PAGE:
JFK wanted a joint moon mission but the Russians said no, says expert
The US president asked Nikita Khrushchev to join forces, but Khrushchev declined, setting up a bitter space race
John F Kennedy wanted to work with the Soviet Union to put a man on the moon and never intended the programme to be a nationalistic American endeavour, an eminent historian has claimed.
Space race expert John Logsdon, a former member of Nasa’s advisory council and founder of the Space Policy Institute at George Washington University, said that in 1961, 10 days after announcing his goal for a manned moon mission within a decade, Kennedy met Nikita Khrushchev. According to Logsdon, the president invited the leader of the Soviet Union to join forces, but Khrushchev declined, setting up a bitter space race between the two countries that would only end when America succeeded in the mission on July 20 1969.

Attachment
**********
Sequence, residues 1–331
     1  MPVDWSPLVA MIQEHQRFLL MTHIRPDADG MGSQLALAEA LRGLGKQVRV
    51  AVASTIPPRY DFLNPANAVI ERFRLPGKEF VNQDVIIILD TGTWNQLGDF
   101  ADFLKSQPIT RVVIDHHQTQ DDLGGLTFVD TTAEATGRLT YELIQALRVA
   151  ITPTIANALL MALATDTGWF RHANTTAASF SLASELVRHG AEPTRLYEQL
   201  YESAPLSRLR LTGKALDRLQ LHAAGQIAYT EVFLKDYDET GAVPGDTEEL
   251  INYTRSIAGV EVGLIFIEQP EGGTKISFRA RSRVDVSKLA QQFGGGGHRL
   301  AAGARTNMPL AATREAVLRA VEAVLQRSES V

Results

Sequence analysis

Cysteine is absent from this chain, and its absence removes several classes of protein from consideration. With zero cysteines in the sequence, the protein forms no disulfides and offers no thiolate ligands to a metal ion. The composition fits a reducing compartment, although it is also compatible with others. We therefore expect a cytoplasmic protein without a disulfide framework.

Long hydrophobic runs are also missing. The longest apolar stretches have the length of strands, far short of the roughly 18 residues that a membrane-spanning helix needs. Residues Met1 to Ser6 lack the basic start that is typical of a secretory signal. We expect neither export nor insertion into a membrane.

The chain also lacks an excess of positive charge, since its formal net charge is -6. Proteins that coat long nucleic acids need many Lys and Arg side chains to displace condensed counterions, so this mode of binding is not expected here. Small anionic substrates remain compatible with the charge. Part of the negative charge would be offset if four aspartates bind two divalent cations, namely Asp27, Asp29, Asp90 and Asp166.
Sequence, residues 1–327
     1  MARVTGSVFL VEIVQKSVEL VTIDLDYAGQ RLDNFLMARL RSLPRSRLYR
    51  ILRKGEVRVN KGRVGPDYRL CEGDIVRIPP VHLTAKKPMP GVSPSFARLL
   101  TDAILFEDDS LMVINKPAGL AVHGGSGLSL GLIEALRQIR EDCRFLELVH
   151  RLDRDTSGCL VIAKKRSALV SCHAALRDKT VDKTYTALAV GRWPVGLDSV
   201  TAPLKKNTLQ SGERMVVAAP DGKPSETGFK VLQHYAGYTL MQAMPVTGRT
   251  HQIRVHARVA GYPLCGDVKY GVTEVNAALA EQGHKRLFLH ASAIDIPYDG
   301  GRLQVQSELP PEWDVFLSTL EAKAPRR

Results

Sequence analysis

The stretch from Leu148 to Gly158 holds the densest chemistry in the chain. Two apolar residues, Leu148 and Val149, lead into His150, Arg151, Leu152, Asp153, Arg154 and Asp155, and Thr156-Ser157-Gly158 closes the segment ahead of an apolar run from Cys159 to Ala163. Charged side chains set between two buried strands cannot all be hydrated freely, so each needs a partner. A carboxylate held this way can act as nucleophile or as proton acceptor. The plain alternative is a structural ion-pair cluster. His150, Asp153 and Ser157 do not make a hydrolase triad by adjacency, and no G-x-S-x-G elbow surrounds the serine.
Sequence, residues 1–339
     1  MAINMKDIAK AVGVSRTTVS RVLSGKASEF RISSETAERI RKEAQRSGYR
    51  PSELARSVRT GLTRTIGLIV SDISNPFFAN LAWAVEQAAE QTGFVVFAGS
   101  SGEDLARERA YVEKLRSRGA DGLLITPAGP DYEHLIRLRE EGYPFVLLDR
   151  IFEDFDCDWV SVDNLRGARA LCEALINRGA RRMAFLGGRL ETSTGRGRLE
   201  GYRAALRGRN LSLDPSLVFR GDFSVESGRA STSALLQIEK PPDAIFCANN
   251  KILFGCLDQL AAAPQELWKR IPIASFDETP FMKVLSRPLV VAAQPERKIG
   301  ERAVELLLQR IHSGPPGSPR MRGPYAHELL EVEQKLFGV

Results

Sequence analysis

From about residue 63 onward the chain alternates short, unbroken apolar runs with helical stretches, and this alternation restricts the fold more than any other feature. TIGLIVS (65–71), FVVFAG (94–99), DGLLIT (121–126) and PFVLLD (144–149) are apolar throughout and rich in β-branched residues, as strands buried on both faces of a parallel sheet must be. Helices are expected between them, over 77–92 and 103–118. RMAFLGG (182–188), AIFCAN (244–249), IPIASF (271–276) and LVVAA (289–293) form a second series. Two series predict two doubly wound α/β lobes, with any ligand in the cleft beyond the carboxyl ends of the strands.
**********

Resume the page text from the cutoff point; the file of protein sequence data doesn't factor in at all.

Kennedy repeated his offer two years later in September 1963, when the Apollo programme was in danger of cancellation and frosty relations with the Soviet Union following the Bay of Pigs invasion and the Cuban missile crisis were beginning to thaw. That offer was recorded in a long-forgotten speech to the United Nations, in which the president said: “There is room for new co-operation, for further joint efforts in the regulation and exploration of space. I include among these possibilities a joint expedition to the moon ... Why therefore should man’s first flight to the moon be a matter of national competition? Why should the United States and the Soviet Union, in preparing for such expeditions, become involved in immense duplications of research, construction and expenditure?..